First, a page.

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[proh-fahy-ling] /ˈproʊ faɪ lɪŋ/
the use of personal characteristics or behavior patterns to make generalizations about a person, as in gender profiling.
the use of these characteristics to determine whether a person may be engaged in illegal activity, as in racial profiling.


[proh-fahyl] /ˈproʊ faɪl/
the outline or contour of the human face, especially the face viewed from one side.
a picture or representation of the side view of a head.
an outlined view, as of a city or mountain.
an outline of an object, as a molding, formed on a vertical plane passed through the object at right angles to one of its principal horizontal dimensions.
a drawing or the like representing this.
Surveying. a vertical section of the ground surface taken parallel to a survey line.
Compare cross section (def 6).
a verbal, arithmetical, or graphic summary or analysis of the history, status, etc., of a process, activity, relationship, or set of characteristics:
a biochemical profile of a patient's blood; a profile of national consumer spending.
an informal biography or a concisely presented sketch of the life and character of a person.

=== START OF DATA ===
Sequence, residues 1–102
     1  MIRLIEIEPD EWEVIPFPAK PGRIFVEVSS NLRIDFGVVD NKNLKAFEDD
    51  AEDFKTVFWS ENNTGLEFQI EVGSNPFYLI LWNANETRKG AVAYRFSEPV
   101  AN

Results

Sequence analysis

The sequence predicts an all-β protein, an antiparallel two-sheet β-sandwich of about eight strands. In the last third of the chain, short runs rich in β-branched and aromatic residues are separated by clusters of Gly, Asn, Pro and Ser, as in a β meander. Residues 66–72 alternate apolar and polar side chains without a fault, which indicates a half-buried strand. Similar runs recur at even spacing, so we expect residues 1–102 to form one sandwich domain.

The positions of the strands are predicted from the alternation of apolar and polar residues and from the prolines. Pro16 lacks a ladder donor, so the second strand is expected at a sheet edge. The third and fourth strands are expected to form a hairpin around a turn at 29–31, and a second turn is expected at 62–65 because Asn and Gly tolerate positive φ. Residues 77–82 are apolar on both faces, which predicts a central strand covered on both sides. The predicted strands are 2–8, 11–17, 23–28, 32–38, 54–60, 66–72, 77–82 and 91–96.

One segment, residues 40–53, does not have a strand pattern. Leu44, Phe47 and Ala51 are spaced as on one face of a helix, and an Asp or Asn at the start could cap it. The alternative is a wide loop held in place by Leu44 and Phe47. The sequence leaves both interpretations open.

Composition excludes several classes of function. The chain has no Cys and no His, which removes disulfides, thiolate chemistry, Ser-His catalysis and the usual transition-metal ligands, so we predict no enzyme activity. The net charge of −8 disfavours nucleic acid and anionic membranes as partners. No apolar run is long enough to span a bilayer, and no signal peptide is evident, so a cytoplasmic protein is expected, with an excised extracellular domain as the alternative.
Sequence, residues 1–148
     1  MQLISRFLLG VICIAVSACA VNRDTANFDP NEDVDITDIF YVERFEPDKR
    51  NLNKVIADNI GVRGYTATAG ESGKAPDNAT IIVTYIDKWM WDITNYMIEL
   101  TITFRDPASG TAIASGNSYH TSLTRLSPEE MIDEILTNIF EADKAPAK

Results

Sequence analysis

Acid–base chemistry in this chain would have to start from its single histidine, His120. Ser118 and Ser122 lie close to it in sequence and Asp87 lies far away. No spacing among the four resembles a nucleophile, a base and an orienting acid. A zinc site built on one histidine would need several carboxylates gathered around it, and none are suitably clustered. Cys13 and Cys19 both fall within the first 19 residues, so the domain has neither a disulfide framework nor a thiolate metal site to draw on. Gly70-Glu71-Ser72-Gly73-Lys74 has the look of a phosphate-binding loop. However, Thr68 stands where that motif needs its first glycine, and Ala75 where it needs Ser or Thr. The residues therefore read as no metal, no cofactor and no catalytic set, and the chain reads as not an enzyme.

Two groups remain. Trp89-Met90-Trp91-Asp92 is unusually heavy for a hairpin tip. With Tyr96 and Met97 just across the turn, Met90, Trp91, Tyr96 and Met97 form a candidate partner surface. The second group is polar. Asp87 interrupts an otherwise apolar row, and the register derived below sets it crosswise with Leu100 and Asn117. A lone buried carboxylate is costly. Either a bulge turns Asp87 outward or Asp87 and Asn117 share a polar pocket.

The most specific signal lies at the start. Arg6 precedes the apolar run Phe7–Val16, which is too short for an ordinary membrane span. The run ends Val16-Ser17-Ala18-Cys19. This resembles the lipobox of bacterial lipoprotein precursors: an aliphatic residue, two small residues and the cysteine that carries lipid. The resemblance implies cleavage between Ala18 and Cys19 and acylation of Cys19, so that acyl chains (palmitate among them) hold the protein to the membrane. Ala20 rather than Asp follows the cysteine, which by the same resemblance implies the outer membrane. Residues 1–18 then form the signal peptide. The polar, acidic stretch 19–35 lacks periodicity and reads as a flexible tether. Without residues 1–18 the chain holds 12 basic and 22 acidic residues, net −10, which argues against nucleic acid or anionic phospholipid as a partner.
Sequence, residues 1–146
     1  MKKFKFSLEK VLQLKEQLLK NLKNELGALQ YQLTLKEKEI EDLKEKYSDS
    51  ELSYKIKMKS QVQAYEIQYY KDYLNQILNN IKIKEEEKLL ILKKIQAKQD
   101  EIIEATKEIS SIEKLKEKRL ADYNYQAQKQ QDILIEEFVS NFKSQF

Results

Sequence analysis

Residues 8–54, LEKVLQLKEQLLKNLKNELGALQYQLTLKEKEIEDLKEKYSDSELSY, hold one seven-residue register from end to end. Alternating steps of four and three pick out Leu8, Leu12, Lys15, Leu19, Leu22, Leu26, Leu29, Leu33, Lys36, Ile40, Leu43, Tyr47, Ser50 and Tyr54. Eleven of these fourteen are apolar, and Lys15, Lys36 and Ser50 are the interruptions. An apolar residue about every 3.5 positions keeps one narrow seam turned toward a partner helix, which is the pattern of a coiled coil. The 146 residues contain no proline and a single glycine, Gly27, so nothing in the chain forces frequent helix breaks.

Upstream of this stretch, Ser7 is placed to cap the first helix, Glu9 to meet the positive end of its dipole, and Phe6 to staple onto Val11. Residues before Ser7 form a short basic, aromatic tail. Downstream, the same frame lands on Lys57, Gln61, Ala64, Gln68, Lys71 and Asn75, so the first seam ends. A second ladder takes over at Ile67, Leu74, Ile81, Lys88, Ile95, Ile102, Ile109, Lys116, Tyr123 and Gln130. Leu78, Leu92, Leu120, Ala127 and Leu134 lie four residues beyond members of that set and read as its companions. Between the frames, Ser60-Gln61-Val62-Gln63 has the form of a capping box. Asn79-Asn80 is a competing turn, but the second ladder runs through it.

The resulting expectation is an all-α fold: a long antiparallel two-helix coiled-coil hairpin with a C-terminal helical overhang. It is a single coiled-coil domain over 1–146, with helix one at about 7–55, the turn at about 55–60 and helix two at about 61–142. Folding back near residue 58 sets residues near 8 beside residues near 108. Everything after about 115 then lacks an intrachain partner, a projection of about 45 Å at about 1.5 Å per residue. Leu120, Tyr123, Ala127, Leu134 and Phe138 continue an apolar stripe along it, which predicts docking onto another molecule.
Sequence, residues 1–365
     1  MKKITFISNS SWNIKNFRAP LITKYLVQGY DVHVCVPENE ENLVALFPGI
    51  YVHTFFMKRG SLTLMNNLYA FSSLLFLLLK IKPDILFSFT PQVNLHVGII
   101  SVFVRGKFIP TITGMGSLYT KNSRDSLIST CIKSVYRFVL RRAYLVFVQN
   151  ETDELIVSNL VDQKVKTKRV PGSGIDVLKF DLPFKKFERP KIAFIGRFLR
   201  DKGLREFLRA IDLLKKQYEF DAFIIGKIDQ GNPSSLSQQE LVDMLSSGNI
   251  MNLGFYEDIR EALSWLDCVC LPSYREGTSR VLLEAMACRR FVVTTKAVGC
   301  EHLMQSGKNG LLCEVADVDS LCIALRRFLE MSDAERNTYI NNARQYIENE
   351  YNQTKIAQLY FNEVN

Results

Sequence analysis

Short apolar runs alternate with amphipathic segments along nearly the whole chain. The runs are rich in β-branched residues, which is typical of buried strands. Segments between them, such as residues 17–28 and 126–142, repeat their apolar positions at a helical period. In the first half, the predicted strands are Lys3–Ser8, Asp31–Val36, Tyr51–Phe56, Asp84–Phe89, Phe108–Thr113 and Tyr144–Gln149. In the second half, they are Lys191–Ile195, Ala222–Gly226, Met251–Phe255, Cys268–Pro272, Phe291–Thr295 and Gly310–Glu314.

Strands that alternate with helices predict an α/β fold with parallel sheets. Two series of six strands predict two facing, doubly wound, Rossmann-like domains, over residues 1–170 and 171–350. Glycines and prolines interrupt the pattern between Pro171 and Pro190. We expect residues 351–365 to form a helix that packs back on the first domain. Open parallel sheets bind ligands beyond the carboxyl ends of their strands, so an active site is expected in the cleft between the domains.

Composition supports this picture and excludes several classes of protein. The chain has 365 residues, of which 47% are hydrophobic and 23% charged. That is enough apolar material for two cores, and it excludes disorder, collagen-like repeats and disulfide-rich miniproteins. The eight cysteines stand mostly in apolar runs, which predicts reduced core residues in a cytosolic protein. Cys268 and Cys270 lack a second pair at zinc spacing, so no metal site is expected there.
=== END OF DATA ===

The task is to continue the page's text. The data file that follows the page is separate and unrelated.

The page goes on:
a set of characteristics or qualities that identify a type or category of person or thing:
a profile of a typical allergy sufferer.
the look, configuration, or lines of something:
cars with a modern profile.
degree of noticeability; visibility.
Psychology. a description of behavioral and personality traits of a person compared with accepted norms or standards.
Theater. a flat stage property or scenic piece cut from a firm, thin material, as of beaverboard or plywood, and having an irregular edge resembling the silhouette of a natural object.
(in a gear) the outline of either end of a tooth.
Naval Architecture. a longitudinal elevation or section of a vessel.
verb (used with object), profiled, profiling.
to draw a profile of.
to produce or present a history, description, or analysis of:
The magazine will profile the candidate in its next issue.
Origin of profile
1650-60; (noun) < Italian prof(f)ilo, noun derivative of profilare to delineate, outline, equivalent to pro- pro-1 + -filare, derivative of filo line, thread < Latin fīlum
Related forms
profiler, noun
half-profile, noun
1. silhouette. Unabridged